With all the news out of Washington and Pennsylvania, with the continued revelations of unimaginable horrors perpetrated by priests and bishops, we the laity have work to do. We must demand accountability and transparency. We must work for reform. We must speak out against the evils wrought in our name. But above all, we must pray. We must fast and pray for the healing of the victims, the protection of the innocent, the conversion of abusers, the restoration of the Church.
What shall we do with that sign? Well, for one thing, we must be willing to investigate the long pattern of abuse, influence, and cover-up that involves Cardinal Theodore E. McCarrick (and his enablers) as carefully and thoroughly as we investigate miracles at Lourdes and tears of the Madonna. We must be as unrelenting in discovering proofs, seeking evidences, and distrusting “easy” answers about the men who run the Church as we are over each miraculous claim we study.
Abigail Favale, Church Life Journal, “The Specter of a Sweeping Rewrite of Catholic Sexual Teachings”:
But here is what this perspective fails to grasp: that very principle—the unassailable value of human life (even of death row inmates)—is the foundation of the Church’s current teaching on human sexuality. What the Church says about sex is fundamentally about life.
I say this because that awful crisis just seemed too thought-through, too well-coordinated, to be simply the result of chance or wicked human choice. The devil is characterized as “the enemy of the human race” and particularly the enemy of the Church. I challenge anyone to come up with a more devastatingly effective strategy for attacking the mystical body of Christ than the abuse of children and young people by priests. This sin had countless direct victims of course, but it also crippled the Church financially, undercut vocations, caused people to lose confidence in Christianity, dramatically compromised attempts at evangelization, etc., etc. It was a diabolical masterpiece.
Timothy P. O’Malley, Church Life Journal, “Confusing the Self-Emptying Love of the Cross with Political Power”:
I am with Bishop Barron—we should conduct a complete investigation. Let no stone go unturned in discovering what happened relative to McCarrick’s horrific abuse of young men. If our favorite Pontiff has culpability in the scandal, even if indirect, let us acknowledge it. Let us turn to the seminaries and make sure that this abuse is not happening today. If seminaries are places where celibacy is not practiced, a reform must be instituted—it is not enough to say, “boys will be boys.” We cannot say anymore, as seminarians have been told, “You just need to get used to it.” You just need to be used to sexual assault at the hands of your classmates. If crimes have been committed, let them be prosecuted.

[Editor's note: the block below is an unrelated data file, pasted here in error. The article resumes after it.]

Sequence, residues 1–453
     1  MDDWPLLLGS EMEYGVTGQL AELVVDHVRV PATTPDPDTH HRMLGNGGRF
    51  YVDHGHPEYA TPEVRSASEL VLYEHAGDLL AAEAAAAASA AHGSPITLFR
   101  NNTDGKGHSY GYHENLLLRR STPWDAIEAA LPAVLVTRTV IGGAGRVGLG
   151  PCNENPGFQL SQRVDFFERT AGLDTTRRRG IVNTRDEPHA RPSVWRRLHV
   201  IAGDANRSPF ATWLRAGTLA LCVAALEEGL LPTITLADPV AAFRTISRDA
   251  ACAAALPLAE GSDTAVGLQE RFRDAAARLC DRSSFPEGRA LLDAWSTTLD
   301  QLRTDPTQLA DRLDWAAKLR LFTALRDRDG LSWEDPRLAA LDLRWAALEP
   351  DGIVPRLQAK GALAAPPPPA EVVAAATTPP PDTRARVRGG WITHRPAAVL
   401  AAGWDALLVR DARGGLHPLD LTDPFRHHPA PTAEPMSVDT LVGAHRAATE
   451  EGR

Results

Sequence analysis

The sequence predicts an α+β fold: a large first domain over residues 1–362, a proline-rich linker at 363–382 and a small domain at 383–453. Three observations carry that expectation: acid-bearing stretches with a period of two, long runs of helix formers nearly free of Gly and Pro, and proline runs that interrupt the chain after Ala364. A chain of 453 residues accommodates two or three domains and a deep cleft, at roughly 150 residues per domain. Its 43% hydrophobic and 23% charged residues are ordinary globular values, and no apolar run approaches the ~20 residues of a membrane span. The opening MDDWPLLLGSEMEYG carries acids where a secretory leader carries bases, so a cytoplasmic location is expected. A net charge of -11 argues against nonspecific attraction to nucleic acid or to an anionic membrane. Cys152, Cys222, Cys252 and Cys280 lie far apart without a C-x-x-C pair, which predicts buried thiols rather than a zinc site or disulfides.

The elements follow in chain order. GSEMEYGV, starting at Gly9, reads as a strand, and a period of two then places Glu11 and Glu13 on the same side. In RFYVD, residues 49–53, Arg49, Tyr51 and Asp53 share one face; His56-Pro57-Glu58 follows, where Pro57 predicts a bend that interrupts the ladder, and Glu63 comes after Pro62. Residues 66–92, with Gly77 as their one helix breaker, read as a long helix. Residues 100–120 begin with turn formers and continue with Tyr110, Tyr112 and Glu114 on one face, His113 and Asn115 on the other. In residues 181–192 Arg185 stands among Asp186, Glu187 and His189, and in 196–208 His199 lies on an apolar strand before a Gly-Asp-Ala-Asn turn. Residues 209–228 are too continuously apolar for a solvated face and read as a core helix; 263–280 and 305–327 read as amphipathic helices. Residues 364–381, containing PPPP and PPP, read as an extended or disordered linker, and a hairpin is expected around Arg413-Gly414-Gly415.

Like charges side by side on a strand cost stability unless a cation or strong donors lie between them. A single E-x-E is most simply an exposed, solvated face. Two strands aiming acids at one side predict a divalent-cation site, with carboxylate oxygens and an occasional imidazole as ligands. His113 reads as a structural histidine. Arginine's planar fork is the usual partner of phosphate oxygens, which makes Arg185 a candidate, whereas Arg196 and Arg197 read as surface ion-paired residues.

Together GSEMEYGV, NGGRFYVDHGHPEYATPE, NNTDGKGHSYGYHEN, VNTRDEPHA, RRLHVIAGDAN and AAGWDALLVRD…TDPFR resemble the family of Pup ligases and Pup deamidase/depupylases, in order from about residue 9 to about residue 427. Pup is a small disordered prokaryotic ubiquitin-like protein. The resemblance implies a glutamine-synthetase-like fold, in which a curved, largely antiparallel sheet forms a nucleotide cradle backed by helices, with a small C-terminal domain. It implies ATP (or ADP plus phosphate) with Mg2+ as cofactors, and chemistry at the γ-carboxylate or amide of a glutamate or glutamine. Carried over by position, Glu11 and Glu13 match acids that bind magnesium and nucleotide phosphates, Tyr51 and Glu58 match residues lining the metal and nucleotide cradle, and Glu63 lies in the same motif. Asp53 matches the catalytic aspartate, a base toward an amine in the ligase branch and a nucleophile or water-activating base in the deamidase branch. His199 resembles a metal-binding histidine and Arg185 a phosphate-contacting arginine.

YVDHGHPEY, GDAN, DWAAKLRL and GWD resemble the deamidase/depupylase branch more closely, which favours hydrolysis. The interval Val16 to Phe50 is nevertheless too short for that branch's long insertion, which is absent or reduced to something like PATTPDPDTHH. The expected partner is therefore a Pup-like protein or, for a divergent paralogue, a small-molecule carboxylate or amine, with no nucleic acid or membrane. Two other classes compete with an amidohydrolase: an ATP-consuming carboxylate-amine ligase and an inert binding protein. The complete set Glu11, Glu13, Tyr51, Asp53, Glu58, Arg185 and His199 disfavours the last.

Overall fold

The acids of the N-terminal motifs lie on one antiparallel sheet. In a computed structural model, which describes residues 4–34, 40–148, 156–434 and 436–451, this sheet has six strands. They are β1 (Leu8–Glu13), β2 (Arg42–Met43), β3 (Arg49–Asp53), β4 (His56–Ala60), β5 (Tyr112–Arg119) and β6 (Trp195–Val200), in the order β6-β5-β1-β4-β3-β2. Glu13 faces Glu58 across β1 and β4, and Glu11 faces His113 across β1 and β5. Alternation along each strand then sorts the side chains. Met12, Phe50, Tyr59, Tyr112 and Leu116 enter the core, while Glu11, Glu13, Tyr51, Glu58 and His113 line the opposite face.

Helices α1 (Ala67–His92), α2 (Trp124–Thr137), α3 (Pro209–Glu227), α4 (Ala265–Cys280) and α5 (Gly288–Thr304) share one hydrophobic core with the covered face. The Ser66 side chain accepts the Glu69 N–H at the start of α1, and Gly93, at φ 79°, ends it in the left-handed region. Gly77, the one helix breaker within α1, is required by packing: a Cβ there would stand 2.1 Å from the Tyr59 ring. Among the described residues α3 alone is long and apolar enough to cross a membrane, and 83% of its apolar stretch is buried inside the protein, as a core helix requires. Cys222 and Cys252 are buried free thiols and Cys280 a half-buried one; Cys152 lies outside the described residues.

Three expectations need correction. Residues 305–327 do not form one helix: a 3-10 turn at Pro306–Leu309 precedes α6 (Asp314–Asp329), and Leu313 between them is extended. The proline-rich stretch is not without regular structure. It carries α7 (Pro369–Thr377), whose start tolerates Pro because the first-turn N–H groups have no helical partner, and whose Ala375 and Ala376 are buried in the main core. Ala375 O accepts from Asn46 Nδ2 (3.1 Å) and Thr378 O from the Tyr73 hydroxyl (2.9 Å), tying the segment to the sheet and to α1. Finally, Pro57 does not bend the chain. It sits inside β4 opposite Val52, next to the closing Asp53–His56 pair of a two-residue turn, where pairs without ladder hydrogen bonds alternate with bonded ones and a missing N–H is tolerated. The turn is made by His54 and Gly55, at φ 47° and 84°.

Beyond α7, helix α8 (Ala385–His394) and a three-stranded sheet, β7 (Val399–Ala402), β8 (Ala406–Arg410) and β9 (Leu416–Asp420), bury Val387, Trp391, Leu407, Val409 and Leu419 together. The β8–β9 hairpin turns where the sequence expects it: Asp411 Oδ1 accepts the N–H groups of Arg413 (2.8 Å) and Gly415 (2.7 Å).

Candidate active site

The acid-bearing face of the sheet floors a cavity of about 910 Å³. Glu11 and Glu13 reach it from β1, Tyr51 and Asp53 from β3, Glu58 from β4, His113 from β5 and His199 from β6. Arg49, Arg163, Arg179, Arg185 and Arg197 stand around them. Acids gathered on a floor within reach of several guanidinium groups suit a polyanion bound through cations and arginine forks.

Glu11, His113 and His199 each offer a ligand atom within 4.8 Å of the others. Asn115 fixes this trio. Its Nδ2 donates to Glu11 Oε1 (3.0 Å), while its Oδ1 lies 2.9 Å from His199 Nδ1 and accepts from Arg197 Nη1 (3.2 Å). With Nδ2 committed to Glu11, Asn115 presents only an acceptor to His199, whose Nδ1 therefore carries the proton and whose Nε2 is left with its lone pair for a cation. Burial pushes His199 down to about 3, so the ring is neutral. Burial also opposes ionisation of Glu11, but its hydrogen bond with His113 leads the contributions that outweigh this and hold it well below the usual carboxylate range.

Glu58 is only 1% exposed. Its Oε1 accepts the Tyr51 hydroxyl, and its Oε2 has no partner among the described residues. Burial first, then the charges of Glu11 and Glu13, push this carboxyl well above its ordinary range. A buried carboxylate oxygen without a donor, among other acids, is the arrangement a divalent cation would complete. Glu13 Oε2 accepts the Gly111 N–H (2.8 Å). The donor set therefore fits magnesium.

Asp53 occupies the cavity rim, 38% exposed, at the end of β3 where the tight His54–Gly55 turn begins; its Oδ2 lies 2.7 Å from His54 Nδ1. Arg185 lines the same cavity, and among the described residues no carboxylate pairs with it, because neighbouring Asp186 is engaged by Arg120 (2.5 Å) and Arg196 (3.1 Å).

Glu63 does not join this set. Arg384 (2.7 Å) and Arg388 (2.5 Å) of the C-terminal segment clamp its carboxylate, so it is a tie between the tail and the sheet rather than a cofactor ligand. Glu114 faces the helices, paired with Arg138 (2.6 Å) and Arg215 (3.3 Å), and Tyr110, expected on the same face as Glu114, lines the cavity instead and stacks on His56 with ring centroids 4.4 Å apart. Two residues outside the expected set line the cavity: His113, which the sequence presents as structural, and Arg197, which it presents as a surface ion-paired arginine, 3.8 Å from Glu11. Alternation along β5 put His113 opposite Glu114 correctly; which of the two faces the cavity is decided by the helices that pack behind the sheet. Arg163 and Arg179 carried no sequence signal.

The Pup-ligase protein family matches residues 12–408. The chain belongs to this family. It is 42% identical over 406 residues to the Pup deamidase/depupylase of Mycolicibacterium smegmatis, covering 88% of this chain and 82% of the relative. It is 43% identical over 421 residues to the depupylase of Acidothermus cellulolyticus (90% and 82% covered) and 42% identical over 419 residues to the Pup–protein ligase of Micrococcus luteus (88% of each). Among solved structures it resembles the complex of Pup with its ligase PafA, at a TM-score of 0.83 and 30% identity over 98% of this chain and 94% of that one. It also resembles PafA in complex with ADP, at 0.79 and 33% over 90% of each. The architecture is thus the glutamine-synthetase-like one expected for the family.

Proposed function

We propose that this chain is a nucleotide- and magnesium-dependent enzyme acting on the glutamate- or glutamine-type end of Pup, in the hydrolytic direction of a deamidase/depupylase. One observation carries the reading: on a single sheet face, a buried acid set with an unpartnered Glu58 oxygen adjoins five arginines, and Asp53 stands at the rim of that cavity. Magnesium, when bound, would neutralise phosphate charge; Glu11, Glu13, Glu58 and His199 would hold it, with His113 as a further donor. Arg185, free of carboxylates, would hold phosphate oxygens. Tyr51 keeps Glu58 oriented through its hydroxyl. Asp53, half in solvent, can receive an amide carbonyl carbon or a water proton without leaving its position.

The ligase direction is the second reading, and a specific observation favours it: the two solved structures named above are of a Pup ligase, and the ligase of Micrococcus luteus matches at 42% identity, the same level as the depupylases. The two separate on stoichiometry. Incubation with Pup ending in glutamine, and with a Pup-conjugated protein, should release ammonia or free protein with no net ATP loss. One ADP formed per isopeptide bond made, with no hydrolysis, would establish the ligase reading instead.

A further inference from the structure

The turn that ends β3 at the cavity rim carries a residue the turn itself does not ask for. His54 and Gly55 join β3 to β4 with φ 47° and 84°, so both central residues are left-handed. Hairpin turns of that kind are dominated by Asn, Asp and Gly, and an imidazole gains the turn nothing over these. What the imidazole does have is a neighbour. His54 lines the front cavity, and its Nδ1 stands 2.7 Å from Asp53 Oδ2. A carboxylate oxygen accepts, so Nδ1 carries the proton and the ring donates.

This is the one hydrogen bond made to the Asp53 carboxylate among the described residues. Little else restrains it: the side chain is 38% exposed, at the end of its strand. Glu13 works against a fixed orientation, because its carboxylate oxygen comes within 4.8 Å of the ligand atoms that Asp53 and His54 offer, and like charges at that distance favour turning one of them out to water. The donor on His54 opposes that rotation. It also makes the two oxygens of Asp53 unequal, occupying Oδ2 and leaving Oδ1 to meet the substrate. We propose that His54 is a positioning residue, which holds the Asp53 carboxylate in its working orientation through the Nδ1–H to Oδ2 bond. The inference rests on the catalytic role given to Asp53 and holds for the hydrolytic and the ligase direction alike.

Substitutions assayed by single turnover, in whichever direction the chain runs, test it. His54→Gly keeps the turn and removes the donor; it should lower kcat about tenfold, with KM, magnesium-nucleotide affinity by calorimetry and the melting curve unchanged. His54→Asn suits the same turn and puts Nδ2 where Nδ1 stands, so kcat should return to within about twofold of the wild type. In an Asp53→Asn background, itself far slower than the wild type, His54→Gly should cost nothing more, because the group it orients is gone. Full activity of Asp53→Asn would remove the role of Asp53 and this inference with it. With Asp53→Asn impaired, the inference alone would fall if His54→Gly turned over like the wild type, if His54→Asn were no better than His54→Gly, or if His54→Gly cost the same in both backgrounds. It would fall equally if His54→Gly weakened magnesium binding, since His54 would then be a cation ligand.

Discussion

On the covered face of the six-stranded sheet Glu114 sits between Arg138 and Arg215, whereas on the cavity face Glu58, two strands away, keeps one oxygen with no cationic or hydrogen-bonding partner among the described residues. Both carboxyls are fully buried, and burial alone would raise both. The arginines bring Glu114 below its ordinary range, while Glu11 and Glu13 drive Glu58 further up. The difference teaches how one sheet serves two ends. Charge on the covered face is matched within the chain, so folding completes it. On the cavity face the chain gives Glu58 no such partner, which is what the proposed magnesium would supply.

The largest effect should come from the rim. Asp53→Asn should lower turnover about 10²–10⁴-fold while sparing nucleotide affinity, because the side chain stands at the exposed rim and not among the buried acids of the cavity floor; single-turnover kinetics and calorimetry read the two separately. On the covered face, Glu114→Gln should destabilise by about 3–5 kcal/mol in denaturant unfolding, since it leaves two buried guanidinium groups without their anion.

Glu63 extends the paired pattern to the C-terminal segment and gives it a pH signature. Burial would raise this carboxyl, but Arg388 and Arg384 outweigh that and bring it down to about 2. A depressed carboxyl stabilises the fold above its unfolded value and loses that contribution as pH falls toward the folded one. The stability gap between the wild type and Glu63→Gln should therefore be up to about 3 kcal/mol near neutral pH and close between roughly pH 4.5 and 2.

When a woman says, “I can be as good as a man,” it is a false admission of inferiority. By adopting a supposedly gender-neutral way of being human in the world, radical feminists are actually adopting a male paradigm and obliterating the feminine paradigm and distinctly feminine gifts of the body and soul.
Some have emphasized the role of laypeople, particularly those able to withhold donations, in keeping pressure on bishops to investigate abuse. Others note that the most vehement calls to action and reform have come from young laypeople. I would like to add that a cloud of witnesses, including the three laypeople noted here, give us hope. They attest to the persistent and insurmountable work of the Holy Spirit. Amidst photograph after photograph of McCarrick, I have returned to a photograph of Servant of God Chiara Petrillo, mid-laugh, a jagged surgical scar at her throat and a patch covering one cancerous eye. She comforts me. Not everything that is hidden is evil. My feeble efforts to follow Christ are not farcical because of priests like McCarrick. In the sacraments, I still encounter the Shepherd.